Main Article Content
To assess the impact of late presentation (CD4 cell count <200 cells/μl at presentation) for care and treatment on short-term mortality (death within a year of presentation) among HIV-infected adults in rural South Africa.
We applied deterministic and probabilistic record linkage approaches to link adult patients seeking care and treatment for HIV from a health facility between 2007 and 2013 to population under continuous surveillance by the Agincourt Health and Demographic Surveillance System (HDSS) in rural northeast South Africa. The resulting record-linked dataset was thereafter analysed to estimate short-term mortality (death within a year of presentation) differences in late presenters (initial presentation at health facility with CD4 cell count less than 200 cells/μl) and early presenters (presentation with CD4 cell count of 200 or more cells/μl). In the linked dataset, CD4 cell count was extracted from the health facility database where as date of death came from the HDSS database.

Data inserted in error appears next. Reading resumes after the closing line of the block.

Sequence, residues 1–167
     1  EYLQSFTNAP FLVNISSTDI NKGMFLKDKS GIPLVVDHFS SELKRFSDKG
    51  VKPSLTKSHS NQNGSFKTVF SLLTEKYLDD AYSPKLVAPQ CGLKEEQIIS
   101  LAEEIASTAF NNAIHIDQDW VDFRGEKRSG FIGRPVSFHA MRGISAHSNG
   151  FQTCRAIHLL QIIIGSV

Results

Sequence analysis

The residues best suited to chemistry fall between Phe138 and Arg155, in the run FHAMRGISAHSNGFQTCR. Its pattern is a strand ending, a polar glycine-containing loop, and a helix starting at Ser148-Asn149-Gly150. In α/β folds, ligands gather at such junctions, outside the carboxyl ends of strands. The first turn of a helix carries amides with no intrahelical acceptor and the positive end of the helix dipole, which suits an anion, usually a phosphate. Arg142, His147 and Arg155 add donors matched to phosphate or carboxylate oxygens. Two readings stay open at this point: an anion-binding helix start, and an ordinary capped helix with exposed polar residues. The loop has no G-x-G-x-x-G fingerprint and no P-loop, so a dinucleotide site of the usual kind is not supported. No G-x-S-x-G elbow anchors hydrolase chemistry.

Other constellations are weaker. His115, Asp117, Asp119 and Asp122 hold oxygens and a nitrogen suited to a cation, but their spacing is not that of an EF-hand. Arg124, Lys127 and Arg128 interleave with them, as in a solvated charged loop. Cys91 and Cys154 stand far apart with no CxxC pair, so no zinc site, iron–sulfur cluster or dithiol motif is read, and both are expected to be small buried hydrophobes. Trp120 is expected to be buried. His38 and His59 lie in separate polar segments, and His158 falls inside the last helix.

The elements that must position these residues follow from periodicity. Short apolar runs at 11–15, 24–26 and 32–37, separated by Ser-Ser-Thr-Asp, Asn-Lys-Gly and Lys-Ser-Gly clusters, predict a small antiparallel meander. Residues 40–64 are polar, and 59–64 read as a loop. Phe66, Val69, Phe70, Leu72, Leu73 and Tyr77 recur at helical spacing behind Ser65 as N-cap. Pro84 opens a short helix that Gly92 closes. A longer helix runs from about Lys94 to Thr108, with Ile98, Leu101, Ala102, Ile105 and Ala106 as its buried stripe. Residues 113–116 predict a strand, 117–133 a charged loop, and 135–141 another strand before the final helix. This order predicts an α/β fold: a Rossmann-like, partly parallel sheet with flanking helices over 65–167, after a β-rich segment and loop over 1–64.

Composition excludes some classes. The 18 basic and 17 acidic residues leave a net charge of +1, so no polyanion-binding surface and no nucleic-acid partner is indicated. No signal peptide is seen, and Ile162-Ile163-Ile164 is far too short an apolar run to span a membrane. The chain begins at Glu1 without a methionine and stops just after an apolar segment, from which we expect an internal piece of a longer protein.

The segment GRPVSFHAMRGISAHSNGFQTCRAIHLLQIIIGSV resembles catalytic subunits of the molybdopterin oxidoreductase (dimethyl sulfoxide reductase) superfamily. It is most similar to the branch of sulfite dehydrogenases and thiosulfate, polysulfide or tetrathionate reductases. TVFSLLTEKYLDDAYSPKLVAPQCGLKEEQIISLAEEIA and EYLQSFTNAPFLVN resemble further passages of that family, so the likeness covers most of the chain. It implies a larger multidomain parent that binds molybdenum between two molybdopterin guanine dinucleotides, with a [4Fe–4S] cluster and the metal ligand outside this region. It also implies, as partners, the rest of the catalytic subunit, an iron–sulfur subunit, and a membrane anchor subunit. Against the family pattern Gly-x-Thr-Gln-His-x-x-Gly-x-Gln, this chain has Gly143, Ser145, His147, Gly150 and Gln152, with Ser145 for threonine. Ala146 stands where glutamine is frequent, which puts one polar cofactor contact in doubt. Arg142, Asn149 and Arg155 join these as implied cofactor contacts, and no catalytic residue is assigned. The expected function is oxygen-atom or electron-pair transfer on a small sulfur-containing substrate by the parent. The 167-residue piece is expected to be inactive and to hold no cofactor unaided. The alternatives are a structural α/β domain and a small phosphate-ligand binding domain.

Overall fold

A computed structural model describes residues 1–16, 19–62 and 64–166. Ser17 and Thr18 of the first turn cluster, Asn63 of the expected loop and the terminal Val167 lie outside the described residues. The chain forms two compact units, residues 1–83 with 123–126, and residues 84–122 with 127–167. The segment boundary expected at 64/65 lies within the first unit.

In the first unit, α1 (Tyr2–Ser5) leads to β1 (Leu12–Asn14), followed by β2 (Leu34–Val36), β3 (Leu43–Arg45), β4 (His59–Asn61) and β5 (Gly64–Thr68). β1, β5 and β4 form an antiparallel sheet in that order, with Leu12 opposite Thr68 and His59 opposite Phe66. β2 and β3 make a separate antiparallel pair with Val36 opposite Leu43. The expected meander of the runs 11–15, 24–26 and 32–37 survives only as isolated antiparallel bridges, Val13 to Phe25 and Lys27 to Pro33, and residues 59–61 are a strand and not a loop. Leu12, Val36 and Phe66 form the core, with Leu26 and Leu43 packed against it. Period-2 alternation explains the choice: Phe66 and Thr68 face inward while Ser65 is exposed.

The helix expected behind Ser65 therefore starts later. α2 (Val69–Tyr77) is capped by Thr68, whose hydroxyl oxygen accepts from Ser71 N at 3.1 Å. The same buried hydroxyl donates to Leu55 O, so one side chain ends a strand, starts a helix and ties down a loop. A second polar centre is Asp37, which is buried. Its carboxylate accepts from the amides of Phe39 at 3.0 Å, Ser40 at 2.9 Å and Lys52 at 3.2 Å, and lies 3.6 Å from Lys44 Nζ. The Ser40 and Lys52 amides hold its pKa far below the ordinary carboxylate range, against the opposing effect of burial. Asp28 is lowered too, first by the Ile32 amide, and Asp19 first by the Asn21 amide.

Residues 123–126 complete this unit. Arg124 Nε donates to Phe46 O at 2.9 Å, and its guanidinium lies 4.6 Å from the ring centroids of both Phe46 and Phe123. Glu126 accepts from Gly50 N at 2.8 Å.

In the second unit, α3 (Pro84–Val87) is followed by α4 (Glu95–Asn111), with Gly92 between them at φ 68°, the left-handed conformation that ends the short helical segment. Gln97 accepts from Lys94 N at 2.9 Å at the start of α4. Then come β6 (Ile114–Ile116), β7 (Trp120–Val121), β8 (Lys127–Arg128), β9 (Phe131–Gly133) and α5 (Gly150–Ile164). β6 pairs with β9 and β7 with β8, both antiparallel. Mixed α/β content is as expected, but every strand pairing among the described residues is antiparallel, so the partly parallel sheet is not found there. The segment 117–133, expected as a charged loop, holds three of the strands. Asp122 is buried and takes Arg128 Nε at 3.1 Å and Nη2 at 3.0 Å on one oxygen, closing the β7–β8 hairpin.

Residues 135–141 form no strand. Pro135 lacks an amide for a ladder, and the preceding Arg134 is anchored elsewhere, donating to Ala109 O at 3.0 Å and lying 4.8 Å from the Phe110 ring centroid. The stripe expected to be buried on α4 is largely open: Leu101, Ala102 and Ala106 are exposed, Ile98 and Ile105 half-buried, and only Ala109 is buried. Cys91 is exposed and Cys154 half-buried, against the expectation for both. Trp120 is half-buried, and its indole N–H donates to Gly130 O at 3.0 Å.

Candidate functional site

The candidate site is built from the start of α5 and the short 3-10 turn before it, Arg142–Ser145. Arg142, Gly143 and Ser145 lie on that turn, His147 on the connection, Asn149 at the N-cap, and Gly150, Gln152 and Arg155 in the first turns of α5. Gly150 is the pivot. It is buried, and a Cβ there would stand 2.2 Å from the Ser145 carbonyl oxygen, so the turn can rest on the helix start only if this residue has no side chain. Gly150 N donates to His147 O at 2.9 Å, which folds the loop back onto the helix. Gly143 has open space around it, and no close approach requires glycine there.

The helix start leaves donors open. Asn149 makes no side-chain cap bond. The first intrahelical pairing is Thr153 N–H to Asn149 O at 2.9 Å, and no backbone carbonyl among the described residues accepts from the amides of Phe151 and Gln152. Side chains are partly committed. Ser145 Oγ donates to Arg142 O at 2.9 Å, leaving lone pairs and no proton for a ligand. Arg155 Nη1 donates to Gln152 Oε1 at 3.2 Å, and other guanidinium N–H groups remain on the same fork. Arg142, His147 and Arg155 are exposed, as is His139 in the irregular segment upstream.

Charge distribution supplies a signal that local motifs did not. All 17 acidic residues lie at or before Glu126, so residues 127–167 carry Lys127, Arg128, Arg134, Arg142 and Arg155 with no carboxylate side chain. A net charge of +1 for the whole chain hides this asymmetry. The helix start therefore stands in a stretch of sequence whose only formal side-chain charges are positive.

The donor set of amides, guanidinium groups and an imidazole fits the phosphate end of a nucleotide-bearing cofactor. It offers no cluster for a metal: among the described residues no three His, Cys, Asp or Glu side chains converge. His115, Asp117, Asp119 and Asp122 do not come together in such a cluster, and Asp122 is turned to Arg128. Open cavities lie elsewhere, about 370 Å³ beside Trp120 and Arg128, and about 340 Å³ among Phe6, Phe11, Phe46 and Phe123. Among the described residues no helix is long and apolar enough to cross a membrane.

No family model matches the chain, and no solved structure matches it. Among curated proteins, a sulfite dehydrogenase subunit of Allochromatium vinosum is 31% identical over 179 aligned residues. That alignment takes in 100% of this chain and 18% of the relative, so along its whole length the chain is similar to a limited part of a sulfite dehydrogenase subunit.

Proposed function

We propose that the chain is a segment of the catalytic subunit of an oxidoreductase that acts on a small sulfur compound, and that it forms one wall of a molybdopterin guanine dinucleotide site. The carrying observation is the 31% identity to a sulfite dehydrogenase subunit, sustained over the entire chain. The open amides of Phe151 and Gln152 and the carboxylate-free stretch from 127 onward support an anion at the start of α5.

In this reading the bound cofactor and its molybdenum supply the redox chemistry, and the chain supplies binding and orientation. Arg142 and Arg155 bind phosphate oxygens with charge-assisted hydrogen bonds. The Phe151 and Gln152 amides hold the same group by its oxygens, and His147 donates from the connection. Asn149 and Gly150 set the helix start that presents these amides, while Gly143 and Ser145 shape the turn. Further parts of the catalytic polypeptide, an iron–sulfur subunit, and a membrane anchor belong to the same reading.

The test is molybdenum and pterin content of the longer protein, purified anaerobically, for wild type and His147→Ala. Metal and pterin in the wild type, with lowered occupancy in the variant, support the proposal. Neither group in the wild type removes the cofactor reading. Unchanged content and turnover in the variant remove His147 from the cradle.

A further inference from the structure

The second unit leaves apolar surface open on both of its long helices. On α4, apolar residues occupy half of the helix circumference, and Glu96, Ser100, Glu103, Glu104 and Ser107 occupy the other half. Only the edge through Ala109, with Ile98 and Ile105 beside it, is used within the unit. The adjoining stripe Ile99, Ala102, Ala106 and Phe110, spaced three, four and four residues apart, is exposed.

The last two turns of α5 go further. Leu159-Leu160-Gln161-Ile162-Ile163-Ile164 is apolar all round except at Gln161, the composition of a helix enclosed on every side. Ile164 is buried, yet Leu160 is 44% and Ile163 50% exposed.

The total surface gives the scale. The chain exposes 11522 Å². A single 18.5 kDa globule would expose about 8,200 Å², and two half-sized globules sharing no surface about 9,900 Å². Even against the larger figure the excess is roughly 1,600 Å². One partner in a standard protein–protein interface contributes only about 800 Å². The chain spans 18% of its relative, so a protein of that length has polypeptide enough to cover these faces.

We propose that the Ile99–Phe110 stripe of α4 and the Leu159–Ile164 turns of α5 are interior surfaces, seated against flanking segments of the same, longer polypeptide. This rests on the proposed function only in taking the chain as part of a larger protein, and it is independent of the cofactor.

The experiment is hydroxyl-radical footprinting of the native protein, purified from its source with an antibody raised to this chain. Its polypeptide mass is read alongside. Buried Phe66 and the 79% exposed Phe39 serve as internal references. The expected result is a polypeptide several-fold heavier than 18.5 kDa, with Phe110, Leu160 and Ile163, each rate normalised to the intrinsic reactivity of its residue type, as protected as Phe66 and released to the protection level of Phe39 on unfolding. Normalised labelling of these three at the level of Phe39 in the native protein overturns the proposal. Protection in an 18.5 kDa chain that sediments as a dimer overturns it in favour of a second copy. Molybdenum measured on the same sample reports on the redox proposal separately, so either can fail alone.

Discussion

A total of 3,553 patients who sought care and treatment for HIV at Bhubhezi clinic between 2007 and 2013 were linked to the Agincourt HDSS surveillance population. Proportion of patients classified as late presenters was 60.9%. Short-term mortality was 8.9% (317/3,553): 11.1% among those who presented late and 5.5 % among those who presented early (P<0.001).
Record linkage facilitated the assessment of the impact of late presentation for care and treatment on short-term mortality among HIV-infected adults in rural South Africa. In the population studied, late presentation is high and is contributing to high mortality among people living with HIV. Strategies that would facilitate early presentation are needed in order to reduce mortality among people living with HIV.
This work is licensed under a Creative Commons Attribution-NonCommercial-NoDerivatives 4.0 International License.